What Pressure Is Needed For Silicone Injection Moulding

Silicone injection molding company

Key Factors and Techniques

Since the inception of Liquid Silicone Rubbers (LSRs), silicone injection moulding machines have emerged as the favored means of transforming them into finely crafted components. A comprehensive comprehension of the prerequisites for yielding top-tier parts has progressively evolved. In this pursuit, three paramount factors come to the forefront: injection pressure, vulcanization temperature, and vulcanization time.

Injection Pressure

The spectrum of injection pressures employed in silicone injection moulding spans a range of approximately 200 to 1200 psi. This variability is contingent upon the specific demands of the process. However, the preponderance of applications gravitates toward pressures ranging from 300 to 700 psi. An intriguing facet of liquid silicone rubber lies in its slight compressibility, akin to moulding a spring. This compressibility hinges on the nature of the silicone fluid and the filler quantity within the LSR formulation.

Alterations in silicone moulding conditions, notably injection pressure, wield a discernible impact on the physical attributes of the finished LSR products. It’s pertinent to note that part shrinkage is an intrinsic phenomenon, intricately linked with injection pressure. In general, elevated injection pressures are correlated with diminished part shrinkage.


Vulcanization Temperature

The temperature within the mold cavity is a variable contingent on process requisites, and akin to other silicone injection moulding factors, it casts its influence upon the quality of the end product. The realm of vulcanization temperatures typically falls within 250°F to 375°F (approximately 121°C to 190°C). Nevertheless, these actual figures are molded by the design intricacies and dimensions of the part.

The liquid silicone rubber, prior to vulcanization, enters the cavity at ambient temperature. Subsequent to traversing the runner system, the material experiences elevation in temperature, albeit remaining below the cavity temperature. As the LSR fills the cavity and heats up, rapid expansion commences. To avert backrinding and promote successful vulcanization, clamp pressure must outmatch cavity pressure, especially in instances of large cross-section parts at higher vulcanization temperatures.


Vulcanization Time

Vulcanization time, the subsequent linchpin in this endeavor, merits considerable attention. Within the realm of fabrication, the specific process delineates the scope for adjusting vulcanization time. Standard operating conditions warrant sufficient vulcanization to facilitate smooth ejection from the mold sans deformation. However, instances may arise where the delicate equilibrium between the final dimensions and properties of the part necessitates postcuring. Unlike peroxide postcures that expel residual substances from rubber, the addition-curing technique employed for LSRs optimizes physical attributes such as tensile strength, elongation, and durometer.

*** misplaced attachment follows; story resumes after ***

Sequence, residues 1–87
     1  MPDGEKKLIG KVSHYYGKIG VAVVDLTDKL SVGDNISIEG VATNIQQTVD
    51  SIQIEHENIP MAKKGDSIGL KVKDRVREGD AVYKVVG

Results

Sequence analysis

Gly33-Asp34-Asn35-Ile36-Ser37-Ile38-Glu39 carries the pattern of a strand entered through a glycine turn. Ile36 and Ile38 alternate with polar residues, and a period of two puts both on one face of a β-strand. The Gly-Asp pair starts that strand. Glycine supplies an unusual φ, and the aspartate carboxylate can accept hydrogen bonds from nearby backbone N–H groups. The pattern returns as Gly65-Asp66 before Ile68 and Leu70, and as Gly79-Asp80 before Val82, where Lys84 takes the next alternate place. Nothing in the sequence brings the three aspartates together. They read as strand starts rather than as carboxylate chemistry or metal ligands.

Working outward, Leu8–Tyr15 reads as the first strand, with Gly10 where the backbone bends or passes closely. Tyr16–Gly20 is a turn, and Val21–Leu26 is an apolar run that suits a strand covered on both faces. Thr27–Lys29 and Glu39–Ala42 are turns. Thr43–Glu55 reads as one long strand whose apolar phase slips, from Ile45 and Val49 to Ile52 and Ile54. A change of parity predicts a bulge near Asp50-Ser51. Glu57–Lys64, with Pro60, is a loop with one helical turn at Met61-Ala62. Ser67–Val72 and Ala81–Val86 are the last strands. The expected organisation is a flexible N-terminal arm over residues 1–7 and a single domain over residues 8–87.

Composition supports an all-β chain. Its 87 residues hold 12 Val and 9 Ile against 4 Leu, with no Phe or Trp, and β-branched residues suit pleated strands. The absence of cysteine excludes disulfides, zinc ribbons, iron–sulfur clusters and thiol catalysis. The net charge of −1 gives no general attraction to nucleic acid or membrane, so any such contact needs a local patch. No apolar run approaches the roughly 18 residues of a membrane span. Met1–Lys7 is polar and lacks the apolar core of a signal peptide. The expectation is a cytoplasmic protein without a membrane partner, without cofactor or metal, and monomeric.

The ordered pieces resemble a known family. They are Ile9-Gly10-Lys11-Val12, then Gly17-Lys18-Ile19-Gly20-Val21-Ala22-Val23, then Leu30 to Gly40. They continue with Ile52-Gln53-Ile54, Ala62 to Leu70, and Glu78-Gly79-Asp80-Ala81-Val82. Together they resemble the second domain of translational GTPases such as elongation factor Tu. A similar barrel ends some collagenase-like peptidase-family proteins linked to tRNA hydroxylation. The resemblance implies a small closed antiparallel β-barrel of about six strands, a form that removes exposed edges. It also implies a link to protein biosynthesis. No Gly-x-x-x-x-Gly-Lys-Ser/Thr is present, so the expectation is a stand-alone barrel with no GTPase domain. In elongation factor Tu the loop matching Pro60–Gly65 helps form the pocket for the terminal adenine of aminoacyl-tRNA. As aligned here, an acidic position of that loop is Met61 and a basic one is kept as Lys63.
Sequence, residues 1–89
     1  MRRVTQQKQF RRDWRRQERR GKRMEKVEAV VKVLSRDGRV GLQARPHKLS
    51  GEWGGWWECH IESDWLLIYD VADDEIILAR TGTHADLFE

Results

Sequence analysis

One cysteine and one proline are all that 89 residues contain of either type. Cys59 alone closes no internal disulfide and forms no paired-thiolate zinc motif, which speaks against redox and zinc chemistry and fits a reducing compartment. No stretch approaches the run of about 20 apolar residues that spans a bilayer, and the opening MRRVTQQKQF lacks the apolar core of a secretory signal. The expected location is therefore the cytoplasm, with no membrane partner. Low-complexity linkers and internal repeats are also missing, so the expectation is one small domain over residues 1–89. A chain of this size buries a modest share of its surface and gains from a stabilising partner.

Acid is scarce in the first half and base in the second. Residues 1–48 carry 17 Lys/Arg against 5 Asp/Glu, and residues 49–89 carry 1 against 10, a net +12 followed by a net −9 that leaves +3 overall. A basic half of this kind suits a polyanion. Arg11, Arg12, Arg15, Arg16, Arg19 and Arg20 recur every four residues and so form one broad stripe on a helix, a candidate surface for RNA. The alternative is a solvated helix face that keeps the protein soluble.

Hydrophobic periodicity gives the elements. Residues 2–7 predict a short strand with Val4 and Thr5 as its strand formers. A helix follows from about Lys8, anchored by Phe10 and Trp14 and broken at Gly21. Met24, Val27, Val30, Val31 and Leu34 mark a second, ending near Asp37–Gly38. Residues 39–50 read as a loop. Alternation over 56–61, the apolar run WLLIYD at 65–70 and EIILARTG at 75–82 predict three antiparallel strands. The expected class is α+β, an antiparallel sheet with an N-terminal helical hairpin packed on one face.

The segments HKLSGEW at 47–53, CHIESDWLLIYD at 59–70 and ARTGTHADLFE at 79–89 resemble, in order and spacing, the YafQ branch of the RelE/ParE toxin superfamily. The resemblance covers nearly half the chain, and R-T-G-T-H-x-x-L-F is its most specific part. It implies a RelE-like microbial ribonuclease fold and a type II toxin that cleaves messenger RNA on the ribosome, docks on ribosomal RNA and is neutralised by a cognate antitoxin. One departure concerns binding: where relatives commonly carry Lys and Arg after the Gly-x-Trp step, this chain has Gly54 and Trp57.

The postcuring regimen’s duration and temperature are contingent on the precure attributes of the part and the targeted properties. Notably, the industry standard for curing temperature hovers around 175°C, while the curing time aligns with the quest for specific final attributes. Ensuring uniform heating within the curing oven becomes paramount to mitigate uneven curing, which might culminate in erratic part performance.

In the intricate realm of liquid silicone injection moulding, the triumvirate of injection pressure, vulcanization temperature, and vulcanization time reign supreme. Their orchestration demands finesse and expertise, underscoring the pivotal role they play in steering the trajectory toward impeccable LSR components.


Achieving Optimal Silicone Injection Moulding Pressure

1. Process Optimization

Conduct thorough process optimization experiments to determine the ideal combination of injection speed, pressure, and temperature for your specific silicone material and part design. This will help you identify the optimal pressure range for consistent and high-quality results.

2. Gate Design

Carefully design the gate and runner system to facilitate proper material flow into the mold cavity. A well-designed gating system can help distribute the pressure evenly and reduce the risk of flow-related defects.

3. Pressure Monitoring

Utilize pressure sensors and monitoring equipment to closely observe the injection process in real-time. This allows you to make adjustments and maintain the desired pressure levels throughout the molding cycle.

4. Material Selection

Choose silicone materials with appropriate viscosities for your specific application. Materials with lower viscosities may require lower pressures, while higher-viscosity materials might need higher pressures to achieve optimal flow.

5. Balanced Filling

Ensure that the mold cavities are being filled uniformly to prevent variations in part dimensions and cosmetic defects. Adjusting pressure settings can help achieve balanced filling.

In summary, silicone injection moulding pressure stands as a critical parameter profoundly influencing the quality and performance of molded silicone products. This pivotal aspect is intricately shaped by factors including material viscosity, part geometry, mold design, injection speed, and material temperature. Achieving optimal injection moulding pressure requires a combination of process optimization, proper gate design, pressure monitoring, and careful material selection. By understanding and controlling these factors, manufacturers can produce high-quality silicone parts that meet the desired specifications and performance criteria.